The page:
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From bugzi...@apache.org
Subject DO NOT REPLY [Bug 13986] - remove default MIME-type
Date Wed, 05 Feb 2003 12:44:59 GMT
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http://nagoya.apache.org/bugzilla/show_bug.cgi?id=13986

remove default MIME-type





------- Additional Comments From info@orangexl.com  2003-02-05 12:44 -------
   Maybe. But that's the only way every software works. So that difference is
   not very interesting for now.

It is, because in this case the HTTP-RFC states the client should decde what is 
the appropriate MIMI-type


   ??

Sorry, I meant to that sending the Content-Type octet-stream (as suggested 
earlierer) in cases Apache doesn't know the MIME-type goes against the HTTP-RFC 
(which states the client should make this decision)

 
   Again: you can teach apache these types. That shall be wrong? Can't 
   believe that.

Yes you can, but if that is what you want, Apache should include these MIME-
types by default.


   If the author intends a content type, he can advise the httpd in various
   ways to send it. All of these ways are quite simple.

But the DefaultType has nothing to do with intending a content-type. Or, I 
don't think many webmasters use it this way...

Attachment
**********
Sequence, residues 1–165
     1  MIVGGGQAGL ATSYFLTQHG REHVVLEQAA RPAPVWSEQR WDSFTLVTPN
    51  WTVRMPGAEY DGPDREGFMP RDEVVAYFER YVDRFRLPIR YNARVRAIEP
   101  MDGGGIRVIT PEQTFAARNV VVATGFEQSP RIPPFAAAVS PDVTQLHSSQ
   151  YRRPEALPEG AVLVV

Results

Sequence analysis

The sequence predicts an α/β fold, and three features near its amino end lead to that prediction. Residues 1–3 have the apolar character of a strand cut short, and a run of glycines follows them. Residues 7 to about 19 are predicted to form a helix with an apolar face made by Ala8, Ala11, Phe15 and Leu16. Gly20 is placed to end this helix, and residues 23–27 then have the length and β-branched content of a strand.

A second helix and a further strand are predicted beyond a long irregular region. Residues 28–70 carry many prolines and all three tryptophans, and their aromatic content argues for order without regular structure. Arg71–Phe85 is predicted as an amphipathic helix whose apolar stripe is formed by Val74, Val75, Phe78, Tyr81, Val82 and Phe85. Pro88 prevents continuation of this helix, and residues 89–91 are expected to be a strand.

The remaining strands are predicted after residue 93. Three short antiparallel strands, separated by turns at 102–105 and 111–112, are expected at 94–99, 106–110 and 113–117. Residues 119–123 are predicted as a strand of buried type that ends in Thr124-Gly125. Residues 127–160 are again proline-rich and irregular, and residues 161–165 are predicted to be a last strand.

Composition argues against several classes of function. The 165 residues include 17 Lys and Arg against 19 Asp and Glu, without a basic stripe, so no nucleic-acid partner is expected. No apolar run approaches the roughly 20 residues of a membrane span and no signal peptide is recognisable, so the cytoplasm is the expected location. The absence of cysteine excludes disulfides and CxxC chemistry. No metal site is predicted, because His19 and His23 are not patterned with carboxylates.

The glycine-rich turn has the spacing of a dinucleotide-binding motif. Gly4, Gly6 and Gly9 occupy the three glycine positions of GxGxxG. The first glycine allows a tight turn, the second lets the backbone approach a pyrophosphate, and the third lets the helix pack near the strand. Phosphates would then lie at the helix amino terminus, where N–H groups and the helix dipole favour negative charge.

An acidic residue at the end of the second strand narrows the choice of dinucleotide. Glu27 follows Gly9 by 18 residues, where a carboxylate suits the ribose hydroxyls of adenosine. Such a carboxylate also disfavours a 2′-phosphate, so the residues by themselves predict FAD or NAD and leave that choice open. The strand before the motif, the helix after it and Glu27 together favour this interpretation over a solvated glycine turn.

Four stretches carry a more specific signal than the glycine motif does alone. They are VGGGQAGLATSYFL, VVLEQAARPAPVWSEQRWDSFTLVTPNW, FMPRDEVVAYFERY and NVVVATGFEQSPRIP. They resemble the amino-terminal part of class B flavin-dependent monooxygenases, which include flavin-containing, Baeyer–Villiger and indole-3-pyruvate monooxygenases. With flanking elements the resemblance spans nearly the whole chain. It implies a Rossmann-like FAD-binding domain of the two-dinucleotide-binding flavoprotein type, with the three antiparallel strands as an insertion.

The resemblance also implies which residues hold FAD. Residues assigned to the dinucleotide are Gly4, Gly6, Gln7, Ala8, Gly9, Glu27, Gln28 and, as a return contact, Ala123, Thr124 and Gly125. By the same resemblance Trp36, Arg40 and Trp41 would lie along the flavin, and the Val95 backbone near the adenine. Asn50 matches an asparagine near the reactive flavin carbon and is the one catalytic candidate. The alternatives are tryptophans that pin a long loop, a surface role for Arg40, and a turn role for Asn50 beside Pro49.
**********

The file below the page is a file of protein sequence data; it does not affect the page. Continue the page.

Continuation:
*sigh* we spin round again and again.

Perhaps this is a discussion for the Apache developers maillinglist.


  Neither the server nor the client knows what is sent. They both have to be
  configured to recognize something. Let the people configure their software
  properly and everything is fine. Don't blame apache for dumb admins. Blame
  the ISPs!

Indeed, people's software should be properly configured. But if this is the 
case, Apache should not send a Content-Type header for unknown content! 
Otherwise, people's software cannot recognize what Apache is sending! 
(remember, if Apache sends a content-type, the client MUST not question it, 
according to the HTTP-RFC)


  I don't believe that. But however, this is not a problem. I'm also concerned
  about compat. The Apache doesn't exist only for Mozilla. What about the
  thousands of browsers out there? How do they work without getting a content   
  type?

That is a concern, but is it Apache's problem? Browsers should work according 
to the HTTP-RFC (that's why they are for). If they don't, should Apache also 
disregard the HTTP-RFC?


  I don't know, are there any infos available?

To my knowledge, IE should work fine. Many other browsers look at file's 
extesions to guess the MIME-type.

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